Why Writers Must Tell Stories
What is a story?
Is it a mere sequence of events? In very simple terms, it is.
However, what makes a story interesting or uninteresting?
We all have a friend who is good at telling stories, maybe around a campfire in the wild; or another one who tells jokes so badly that no one laughs. Good storytellers know how to involve readers.
Success stories catch the readers’ attention as they give them something in return in an easy way. In fact, what we look for as human beings is knowing the hows and the whys of things. This is the engine of all mankind in its quest towards infinity, in its search for the unknown, in the discovery of hidden things. Will the waiter who makes the tray fall be fired? How this will impact his life? And, above all, what is the bottom line of the story? This is what readers look for, this is what storytellers and writers must communicate, or the story of Melvin the Waiter will be lost in history forever.
Storytellers have a mission: bringing the stories of apparently invisible people to the surface, make them count, give them a voice they wouldn’t have otherwise. It’s the excruciating pain of a mother who lost her child, the motivations of a murderer, the discovery of relics from a lost civilisation, the passion of a new-borne love, the return of the prodigal son, the frustration and anger for the betrayal of a beloved wife that count. All these stories, all these feelings deserve to be known. They represent what we are as persons, our intimate feelings. They show us how the world goes, prove us we are not alone and that there is an identical, similar, or completely different truth out there; it’s something we face every day, even without knowing.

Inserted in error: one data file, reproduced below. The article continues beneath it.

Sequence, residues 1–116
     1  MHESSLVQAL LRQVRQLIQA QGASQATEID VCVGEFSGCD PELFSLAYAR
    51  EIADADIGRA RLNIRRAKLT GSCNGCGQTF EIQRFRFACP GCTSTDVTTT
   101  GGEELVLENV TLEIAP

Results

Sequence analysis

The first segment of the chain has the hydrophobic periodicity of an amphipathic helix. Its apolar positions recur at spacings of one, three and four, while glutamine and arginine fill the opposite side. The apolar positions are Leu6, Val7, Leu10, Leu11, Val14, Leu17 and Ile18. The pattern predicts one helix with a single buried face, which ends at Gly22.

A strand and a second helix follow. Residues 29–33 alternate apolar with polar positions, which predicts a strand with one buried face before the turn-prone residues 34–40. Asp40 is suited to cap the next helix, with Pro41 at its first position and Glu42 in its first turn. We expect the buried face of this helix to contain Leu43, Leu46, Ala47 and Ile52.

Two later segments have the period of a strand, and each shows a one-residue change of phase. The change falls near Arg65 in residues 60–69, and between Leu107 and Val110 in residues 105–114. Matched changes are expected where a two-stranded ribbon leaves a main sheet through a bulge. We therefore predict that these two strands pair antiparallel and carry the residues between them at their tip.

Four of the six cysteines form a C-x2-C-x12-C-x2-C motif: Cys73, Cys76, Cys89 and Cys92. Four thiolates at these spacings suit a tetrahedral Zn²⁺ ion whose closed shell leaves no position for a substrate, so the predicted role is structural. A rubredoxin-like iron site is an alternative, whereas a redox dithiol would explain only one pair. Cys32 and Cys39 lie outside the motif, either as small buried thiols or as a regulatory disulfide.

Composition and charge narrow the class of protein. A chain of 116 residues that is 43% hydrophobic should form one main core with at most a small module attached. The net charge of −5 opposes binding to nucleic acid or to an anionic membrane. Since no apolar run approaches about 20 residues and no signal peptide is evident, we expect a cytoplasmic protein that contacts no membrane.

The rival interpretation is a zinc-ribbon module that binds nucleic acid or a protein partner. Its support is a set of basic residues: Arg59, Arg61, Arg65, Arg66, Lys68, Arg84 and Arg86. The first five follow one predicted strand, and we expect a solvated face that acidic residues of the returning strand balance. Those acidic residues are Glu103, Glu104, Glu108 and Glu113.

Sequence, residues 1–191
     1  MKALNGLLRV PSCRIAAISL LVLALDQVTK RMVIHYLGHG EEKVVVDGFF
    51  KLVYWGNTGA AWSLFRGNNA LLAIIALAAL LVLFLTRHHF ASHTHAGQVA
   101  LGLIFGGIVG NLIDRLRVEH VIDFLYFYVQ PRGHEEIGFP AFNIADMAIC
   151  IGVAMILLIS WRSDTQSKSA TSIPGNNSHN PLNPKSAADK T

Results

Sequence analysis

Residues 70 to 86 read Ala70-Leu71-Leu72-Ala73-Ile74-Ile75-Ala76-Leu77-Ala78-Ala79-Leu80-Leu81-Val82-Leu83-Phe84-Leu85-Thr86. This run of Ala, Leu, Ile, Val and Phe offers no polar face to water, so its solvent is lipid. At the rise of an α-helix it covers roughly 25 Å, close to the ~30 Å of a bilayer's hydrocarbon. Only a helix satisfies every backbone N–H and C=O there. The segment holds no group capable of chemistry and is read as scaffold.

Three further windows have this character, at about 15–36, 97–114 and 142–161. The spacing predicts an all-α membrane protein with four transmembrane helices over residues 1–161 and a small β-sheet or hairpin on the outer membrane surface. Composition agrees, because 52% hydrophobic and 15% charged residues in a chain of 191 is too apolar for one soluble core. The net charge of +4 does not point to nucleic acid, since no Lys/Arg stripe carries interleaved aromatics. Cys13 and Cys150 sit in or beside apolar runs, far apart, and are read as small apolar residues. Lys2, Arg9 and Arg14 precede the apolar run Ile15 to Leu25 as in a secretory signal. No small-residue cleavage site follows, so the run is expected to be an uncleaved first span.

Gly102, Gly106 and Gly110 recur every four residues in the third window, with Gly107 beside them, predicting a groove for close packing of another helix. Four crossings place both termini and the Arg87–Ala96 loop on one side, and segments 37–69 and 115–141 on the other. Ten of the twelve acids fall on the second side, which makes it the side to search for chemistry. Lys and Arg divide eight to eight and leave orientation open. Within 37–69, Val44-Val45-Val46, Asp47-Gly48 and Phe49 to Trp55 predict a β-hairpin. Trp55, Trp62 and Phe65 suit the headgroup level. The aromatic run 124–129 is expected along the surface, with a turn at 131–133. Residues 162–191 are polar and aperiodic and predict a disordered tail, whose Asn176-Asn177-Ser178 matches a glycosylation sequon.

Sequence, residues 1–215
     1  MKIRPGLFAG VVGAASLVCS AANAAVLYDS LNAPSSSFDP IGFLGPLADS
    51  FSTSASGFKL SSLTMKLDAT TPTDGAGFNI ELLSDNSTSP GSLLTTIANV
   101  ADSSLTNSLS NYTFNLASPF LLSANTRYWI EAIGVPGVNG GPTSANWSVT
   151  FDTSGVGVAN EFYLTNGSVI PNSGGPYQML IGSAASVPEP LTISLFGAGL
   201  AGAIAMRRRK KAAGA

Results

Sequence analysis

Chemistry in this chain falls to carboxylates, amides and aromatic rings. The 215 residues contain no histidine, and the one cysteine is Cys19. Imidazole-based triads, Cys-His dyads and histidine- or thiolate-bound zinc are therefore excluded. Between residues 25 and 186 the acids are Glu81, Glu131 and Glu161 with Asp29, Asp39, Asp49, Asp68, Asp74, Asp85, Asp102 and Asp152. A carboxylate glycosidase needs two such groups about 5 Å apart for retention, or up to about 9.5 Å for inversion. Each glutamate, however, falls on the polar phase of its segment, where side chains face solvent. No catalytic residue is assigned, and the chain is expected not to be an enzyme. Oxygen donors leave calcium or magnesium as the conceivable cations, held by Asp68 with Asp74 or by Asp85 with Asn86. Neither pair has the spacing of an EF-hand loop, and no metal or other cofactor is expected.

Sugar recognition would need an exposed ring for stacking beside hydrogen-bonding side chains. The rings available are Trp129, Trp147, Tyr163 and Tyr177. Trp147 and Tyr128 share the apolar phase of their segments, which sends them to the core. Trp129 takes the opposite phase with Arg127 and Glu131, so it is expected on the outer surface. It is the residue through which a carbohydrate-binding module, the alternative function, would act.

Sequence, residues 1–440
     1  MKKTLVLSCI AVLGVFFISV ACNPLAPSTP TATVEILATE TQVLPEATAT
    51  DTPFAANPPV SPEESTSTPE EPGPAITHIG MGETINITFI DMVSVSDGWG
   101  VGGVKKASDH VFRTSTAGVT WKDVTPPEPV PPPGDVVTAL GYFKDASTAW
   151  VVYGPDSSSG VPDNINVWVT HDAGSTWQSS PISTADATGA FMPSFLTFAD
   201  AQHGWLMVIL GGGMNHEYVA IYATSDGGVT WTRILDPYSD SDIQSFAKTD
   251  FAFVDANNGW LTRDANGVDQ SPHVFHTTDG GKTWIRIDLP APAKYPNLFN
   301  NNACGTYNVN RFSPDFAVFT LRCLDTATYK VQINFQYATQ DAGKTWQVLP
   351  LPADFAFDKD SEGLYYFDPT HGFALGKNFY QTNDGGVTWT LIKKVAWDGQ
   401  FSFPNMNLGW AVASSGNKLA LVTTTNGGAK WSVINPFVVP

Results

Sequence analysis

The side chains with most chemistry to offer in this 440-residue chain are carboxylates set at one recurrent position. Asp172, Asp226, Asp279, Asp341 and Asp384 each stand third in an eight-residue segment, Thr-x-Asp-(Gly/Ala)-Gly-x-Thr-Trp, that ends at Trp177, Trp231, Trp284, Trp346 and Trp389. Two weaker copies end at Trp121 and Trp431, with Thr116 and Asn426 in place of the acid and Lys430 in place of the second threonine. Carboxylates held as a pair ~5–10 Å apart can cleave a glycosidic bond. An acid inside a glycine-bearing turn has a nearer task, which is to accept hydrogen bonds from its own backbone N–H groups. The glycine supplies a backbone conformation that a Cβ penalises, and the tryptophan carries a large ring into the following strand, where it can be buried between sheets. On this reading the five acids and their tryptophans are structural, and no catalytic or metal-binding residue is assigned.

I feel this responsibility every day. No one told me I have to tell stories, I simply believe I have to do so. The people I see on the streets, all the life I observe and whose details I study turns into scenes, setting and characters. And it is precisely these characters who knock from inside my drawer to demand their stories to be told. Their voices are like Ulysses’ siren songs and there is no submerged rock awaiting the floating story but a safe harbour made of the reader’s curiosity and passion for resolution. Isn’t this what life is about? Conflict and resolution – which were chosen by Aristotle as two of the main elements of life representation, or drama –, have been animating literature ever since.
Why should we stop telling stories?